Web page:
Signs of Depression
Signs of Depression to Look for in Your Teen
The signs of depression may be hard for many parents and teens to recognize and may even surprise many. Depression is often a tricky disorder and can sneak up on you before you even know it. Most of us would recognize the classic signs of depression including heavy sadness and hopelessness; but, what if you just started getting stomachaches for no reason or were suddenly very cranky? You could be suffering from depression without knowing it.
“Depression doesn’t always look like debilitating sadness,” says Richard Kravitz, MD, MSPH, a professor of internal medicine at University of California, Davis. “Patients are reluctant to consider depression as a cause of their symptoms, in part because they may equate it with weakness, but also in part because they simply don’t associate their symptoms with depression.”
Accurately identifying the problem is key, he adds, because the sooner you recognize the signs of depression and get treatment, the easier it will be to return your happy, healthy self.
Do you see or can you ask your teen if they are experiencing some of the following signs of depression…
Do You Feel Nothing?
Can you describe yourself as blah or numb? Do things that once brought tears or smiles now barely register? This kind of zombie behavior is a hallmark sign of mental illness. In addition, it can make you seem cold, distant or aloof, pushing away the people who would otherwise give you love and support.
Do You Have a Short Fuse?
If the slightest mishap sends you into a rage or grouchy is your new normal, then you may be in a state of depression. In a 2013 study published in the journal JAMA Psychiatry, 54% of people with depression reported feeling hostile, grumpy, argumentative, foul-tempered, or angry. “Once you’re on the negative side of the house, you’re more accessible to the rooms where other negative moods hang out—irritability, frustration, and anger,” says Simon Rego, PsyD, associate professor of clinical psychiatry and behavioral sciences at Albert Einstein College of Medicine and director of psychology training at Montefiore Medical Center.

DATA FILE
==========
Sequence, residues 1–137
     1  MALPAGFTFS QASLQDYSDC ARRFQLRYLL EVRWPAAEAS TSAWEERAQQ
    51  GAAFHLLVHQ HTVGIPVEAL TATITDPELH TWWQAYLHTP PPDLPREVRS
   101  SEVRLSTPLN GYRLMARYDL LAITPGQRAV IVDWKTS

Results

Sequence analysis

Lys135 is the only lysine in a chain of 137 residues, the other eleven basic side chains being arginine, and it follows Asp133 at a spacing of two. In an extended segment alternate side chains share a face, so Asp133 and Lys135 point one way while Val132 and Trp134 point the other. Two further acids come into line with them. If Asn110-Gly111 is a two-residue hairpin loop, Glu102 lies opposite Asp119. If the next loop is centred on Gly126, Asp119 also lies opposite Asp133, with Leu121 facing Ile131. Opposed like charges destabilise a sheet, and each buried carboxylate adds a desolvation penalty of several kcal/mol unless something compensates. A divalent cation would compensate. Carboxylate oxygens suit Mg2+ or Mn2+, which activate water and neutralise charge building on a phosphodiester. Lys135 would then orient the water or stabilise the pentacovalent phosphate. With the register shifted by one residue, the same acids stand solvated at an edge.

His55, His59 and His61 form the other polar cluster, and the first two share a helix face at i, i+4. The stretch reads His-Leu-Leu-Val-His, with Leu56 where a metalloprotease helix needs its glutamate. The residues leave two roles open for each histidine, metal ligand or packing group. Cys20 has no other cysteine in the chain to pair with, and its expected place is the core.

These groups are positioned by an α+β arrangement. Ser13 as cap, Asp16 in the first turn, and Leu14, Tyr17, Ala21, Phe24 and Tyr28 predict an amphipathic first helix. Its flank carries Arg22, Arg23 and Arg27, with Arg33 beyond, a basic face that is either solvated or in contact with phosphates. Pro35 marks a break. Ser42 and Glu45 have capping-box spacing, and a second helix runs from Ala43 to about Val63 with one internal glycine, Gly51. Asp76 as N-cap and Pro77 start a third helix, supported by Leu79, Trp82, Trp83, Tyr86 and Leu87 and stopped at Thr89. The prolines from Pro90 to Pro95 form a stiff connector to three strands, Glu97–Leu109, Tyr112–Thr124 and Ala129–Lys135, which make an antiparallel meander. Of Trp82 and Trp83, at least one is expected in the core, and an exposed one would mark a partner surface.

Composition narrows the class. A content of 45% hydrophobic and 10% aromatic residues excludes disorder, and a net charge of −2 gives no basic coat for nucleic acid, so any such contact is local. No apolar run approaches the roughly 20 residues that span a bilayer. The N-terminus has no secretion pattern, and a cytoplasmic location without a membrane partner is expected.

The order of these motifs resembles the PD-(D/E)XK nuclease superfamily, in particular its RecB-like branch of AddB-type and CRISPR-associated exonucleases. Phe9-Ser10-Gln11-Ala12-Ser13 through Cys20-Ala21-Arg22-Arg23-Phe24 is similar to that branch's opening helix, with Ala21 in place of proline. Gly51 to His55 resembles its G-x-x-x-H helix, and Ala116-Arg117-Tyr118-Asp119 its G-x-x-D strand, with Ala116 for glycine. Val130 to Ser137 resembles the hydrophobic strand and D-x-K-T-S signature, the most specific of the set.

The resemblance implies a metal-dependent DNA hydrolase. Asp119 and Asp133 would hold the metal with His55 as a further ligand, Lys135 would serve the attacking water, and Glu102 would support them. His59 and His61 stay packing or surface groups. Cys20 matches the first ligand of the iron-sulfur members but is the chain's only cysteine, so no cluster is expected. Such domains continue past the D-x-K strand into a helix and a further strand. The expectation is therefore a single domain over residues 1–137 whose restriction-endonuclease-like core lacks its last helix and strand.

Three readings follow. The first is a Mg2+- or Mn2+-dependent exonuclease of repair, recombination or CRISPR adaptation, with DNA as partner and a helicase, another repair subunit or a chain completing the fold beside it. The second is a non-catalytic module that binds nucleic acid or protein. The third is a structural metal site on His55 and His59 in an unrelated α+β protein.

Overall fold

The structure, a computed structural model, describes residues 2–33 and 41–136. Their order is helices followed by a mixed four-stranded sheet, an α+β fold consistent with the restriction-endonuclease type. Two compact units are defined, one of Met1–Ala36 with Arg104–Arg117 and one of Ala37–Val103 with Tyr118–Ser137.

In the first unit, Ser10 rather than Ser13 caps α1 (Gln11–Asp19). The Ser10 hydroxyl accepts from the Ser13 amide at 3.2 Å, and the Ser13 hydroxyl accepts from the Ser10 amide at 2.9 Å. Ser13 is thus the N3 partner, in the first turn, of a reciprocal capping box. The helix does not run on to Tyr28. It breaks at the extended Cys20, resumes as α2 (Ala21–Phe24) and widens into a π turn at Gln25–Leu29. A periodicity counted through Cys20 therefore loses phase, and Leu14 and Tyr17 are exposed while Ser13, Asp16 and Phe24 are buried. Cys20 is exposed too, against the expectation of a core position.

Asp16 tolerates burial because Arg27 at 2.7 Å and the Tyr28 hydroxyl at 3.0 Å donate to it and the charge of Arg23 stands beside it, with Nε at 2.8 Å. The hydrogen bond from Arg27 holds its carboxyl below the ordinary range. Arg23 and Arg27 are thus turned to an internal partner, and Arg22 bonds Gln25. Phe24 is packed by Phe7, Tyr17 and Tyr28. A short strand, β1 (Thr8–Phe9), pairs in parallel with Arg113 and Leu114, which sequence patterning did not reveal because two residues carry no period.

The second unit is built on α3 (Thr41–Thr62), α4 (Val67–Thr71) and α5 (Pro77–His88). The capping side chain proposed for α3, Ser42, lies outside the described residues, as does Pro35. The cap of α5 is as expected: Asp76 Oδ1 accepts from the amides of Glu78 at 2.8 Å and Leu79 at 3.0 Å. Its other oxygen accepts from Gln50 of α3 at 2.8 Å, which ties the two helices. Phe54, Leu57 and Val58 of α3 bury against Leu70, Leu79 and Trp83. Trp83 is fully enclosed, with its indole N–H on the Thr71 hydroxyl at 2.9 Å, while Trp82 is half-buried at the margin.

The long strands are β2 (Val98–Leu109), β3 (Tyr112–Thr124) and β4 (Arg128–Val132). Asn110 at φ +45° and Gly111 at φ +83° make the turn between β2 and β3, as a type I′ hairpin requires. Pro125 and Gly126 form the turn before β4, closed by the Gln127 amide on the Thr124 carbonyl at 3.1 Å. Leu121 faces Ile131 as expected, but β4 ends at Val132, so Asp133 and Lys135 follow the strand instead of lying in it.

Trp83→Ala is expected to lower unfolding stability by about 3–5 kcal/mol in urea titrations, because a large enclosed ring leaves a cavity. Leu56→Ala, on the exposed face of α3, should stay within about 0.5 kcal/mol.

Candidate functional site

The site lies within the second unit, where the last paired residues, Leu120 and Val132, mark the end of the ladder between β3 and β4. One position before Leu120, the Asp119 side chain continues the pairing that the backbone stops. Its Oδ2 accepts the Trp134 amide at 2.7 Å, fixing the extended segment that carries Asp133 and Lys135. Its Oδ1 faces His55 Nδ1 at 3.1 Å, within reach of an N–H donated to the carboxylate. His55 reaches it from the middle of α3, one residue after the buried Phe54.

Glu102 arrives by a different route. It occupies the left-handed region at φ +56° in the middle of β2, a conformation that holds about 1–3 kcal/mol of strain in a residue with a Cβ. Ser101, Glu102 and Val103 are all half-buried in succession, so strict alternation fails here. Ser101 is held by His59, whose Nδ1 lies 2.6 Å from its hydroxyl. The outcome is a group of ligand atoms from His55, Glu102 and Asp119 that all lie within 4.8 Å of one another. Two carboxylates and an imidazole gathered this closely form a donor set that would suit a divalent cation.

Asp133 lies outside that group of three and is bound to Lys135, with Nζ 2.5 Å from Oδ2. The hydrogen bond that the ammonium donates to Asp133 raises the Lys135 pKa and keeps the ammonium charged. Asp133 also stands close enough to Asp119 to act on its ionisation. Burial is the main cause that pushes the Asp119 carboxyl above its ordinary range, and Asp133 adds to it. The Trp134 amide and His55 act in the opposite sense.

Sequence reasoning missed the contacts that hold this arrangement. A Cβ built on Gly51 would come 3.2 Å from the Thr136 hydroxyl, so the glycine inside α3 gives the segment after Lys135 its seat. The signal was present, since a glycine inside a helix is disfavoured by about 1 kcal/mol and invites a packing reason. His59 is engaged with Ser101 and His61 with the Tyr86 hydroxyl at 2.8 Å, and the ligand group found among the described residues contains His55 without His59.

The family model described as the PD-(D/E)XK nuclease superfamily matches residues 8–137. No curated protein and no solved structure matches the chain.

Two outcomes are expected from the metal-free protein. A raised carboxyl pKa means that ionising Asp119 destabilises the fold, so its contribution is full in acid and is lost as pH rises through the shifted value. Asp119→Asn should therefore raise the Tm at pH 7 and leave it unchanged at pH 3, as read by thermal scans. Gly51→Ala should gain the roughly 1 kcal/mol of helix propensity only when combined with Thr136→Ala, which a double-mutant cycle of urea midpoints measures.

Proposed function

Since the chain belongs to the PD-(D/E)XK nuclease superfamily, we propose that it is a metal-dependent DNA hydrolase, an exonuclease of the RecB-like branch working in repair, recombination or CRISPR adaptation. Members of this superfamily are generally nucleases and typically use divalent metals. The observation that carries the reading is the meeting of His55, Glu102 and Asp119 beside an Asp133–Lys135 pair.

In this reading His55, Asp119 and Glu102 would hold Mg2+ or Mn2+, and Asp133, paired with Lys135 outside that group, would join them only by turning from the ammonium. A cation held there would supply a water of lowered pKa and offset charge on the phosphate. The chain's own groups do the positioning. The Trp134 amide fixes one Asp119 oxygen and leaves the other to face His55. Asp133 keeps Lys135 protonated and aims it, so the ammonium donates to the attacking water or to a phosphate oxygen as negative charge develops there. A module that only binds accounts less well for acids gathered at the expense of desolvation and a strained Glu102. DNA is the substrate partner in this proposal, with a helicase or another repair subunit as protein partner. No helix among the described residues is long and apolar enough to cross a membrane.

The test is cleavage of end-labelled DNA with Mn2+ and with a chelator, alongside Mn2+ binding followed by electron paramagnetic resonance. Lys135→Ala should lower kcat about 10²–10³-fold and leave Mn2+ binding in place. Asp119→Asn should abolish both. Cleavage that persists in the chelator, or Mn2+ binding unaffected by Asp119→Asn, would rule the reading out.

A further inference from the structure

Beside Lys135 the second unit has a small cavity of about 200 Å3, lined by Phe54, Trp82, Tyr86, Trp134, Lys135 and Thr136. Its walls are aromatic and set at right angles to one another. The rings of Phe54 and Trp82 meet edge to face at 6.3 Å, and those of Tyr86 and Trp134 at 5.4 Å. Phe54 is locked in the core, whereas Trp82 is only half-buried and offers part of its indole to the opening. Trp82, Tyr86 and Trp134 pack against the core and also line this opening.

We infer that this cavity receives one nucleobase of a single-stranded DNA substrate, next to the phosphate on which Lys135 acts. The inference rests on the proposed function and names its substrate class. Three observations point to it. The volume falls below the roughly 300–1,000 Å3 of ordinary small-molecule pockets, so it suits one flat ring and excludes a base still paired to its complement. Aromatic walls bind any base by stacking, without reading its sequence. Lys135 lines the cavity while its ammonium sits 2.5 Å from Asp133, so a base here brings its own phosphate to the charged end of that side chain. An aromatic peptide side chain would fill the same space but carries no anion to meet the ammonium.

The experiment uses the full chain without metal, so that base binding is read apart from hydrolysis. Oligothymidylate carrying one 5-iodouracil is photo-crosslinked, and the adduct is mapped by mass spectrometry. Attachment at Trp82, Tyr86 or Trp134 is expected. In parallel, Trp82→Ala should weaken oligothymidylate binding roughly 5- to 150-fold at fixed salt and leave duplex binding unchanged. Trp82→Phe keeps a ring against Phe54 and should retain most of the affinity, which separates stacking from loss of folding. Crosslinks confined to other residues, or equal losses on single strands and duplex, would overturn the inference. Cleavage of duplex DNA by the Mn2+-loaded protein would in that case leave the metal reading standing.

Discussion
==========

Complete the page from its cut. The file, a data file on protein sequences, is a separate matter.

Are You in Pain?
Mental illness and pain share some of the same biological pathways and neurotransmitters. About 75% of people who suffer from the blues also deal with recurring or chronic pain, research shows. A 2008 study in the Archives of General Psychiatry found that when unhappy people anticipate pain and their brain activity indicates more emotion and less coping so they are less able to handle the hurt.
Are You Gaining Extreme or Out of the Ordinary Weight?
Many of us turn to comfort food during times of depression. Although comfort food can raise levels of the mood-boosting brain chemical serotonin, over time emotional eating can lead to weight gain and feelings of guilt and shame. And, unfortunately, it does nothing to treat the underlying cause. As depression sufferers feel worse, many of them eat more… a vicious cycle.
Are You Excessively Indecisive?
People make upwards of 70 conscious decisions every day, Columbia University research shows, and most of them are quick and easy. When we are depressed, these decisions become harder to make and feel overwhelming.
Do You Find Yourself Obsessing?
Whether social media, gambling or shopping, doing anything in excess, especially online, this behavior can be a sign of depression. Several studies confirm that people who go online compulsively and have more virtual social interactions than real ones may be depressed. They may feel deprived of real human companionship and/or may be using the online world to escape from their thoughts and feelings.
Do You Ignore Basic Grooming?
Even if your grooming routine was modest to begin with, it may disappear altogether when you are depressed. In a 2014 survey of more than 10,000 people, 61% who had poor oral health reported suffering depression. Not caring what you look like on the outside is a strong sign of problems happening on the inside.